Skip to main content
Menu Icon Menu Icon
Close

InfoBytes Blog

Financial Services Law Insights and Observations

Court rejects dismissal of CFPB claims against foreclosure relief services company

Courts CFPB Enforcement UDAAP Regulation O Foreclosure CFPA

Courts

On May 20, the U.S. District Court for the Central District of California denied a foreclosure relief services company and its owner’s (collectively, “defendants”) motion to dismiss an action by the CFPB accusing the defendants of violating the Consumer Financial Protection Act (CFPA) and Regulation O. As previously covered by InfoBytes, in September 2019, the CFPB filed a complaint against the defendants, alleging that since 2014 the defendants made deceptive and unsubstantiated representations about the efficacy and material aspects of its mortgage assistance relief services, and made misleading or false claims about the experience and qualifications of its employees. The Bureau alleged that the defendants’ representations constituted abusive acts and practices because, among other things, consumers “generally did not understand and were not in a position to evaluate the accuracy of [the defendants’] marketing representations or the quality of the mortgage-assistance-relief services that [the defendants] sold.” Moreover, the Bureau claimed the defendants further violated Regulation O by charging consumers advance fees before rendering services. The defendants moved to dismiss the action.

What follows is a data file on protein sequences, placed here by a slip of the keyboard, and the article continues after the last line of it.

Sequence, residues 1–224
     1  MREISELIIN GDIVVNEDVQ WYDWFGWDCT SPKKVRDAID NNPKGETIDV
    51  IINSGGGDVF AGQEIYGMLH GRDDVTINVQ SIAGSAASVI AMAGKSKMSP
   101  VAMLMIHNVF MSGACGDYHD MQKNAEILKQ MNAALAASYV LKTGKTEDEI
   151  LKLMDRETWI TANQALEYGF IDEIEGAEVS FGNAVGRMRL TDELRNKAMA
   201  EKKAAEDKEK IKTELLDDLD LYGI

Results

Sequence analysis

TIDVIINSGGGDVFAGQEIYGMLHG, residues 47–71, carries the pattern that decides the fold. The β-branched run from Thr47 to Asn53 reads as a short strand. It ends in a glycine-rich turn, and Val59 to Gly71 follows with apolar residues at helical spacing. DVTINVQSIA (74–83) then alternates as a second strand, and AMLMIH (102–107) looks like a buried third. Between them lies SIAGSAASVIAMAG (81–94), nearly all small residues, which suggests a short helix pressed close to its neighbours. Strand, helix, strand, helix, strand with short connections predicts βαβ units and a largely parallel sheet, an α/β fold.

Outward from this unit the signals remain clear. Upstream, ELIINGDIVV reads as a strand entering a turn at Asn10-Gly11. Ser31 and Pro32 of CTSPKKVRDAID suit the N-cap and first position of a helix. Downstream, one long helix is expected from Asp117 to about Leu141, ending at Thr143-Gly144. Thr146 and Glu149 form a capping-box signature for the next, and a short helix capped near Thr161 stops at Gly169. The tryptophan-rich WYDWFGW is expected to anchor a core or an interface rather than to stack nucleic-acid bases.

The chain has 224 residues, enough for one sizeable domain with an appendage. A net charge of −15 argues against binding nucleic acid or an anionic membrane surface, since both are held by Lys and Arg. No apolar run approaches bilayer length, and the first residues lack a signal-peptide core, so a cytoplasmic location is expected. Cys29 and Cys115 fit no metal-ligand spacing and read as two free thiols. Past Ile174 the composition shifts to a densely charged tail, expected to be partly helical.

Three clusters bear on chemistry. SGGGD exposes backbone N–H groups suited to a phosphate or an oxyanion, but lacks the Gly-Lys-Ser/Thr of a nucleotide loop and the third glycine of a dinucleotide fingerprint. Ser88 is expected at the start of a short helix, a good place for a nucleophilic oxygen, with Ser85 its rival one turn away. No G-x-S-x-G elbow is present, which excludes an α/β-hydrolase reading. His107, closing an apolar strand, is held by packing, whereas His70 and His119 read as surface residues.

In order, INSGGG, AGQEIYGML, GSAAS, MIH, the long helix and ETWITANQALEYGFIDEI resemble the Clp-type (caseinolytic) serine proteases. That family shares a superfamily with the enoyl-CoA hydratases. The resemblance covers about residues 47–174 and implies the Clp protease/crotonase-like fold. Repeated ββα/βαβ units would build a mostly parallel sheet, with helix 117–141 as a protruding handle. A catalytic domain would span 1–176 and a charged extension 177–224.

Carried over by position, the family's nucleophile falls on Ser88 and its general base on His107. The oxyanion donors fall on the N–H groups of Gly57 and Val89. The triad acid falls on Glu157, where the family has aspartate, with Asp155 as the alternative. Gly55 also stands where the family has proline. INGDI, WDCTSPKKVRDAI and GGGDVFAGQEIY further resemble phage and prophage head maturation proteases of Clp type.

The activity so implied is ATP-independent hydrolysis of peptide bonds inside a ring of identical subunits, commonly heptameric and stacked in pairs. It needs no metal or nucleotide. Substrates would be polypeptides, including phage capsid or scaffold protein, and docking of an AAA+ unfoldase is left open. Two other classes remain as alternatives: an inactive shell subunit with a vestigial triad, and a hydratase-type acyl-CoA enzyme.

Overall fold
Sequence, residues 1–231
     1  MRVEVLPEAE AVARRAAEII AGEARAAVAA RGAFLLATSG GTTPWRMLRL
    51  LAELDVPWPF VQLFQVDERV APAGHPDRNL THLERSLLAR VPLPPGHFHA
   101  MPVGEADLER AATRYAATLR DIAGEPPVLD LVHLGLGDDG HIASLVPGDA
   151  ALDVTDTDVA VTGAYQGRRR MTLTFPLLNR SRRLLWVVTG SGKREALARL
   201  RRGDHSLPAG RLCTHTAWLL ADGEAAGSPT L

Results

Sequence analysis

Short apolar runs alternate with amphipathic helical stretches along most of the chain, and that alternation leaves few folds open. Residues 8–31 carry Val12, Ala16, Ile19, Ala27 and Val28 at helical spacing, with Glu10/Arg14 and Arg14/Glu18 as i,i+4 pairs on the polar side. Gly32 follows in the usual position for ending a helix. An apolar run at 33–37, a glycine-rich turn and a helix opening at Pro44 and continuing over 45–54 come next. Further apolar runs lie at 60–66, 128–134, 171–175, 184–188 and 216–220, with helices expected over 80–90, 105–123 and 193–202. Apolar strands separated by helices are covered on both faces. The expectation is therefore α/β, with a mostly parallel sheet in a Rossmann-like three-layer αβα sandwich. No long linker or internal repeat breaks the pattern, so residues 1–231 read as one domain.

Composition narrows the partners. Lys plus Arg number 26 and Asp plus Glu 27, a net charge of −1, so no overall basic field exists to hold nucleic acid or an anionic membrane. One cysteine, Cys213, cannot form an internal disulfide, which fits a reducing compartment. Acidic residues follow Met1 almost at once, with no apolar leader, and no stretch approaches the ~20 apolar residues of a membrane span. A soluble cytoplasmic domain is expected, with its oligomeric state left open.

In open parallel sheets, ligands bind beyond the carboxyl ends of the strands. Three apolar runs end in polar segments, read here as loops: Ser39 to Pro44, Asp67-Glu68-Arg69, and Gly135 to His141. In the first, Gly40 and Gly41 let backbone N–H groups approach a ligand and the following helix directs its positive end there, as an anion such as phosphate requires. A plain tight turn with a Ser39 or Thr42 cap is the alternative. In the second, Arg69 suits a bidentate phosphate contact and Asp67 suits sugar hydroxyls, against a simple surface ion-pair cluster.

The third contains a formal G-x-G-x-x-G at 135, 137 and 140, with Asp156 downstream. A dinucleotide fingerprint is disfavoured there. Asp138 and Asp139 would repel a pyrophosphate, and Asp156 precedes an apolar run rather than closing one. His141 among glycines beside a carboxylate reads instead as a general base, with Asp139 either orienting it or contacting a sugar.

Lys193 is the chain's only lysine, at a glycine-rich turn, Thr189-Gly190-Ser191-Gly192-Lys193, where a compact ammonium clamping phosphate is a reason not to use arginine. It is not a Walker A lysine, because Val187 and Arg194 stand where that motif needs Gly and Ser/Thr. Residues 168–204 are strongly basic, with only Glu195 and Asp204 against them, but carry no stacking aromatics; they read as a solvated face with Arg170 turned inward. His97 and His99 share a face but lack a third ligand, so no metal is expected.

The district court rejected all of the defendants’ arguments, concluding that the Bureau “as an organization and its establishment” are constitutionally permissible, and therefore, can bring enforcement actions against the company. The court also held that the Bureau adequately pleaded that the defendants’ were covered by the CFPA and Regulation O, as providers of “[a]udit and litigation documents to consumers, which Defendants claim will prevent foreclosure or modify the terms of [consumers] mortgage[s].” And lastly, the court held that the Bureau sufficiently alleged that the defendants took “unreasonable advantage of the consumer’s lack of understanding” of the material terms of the product they were selling.

Share page with AddThis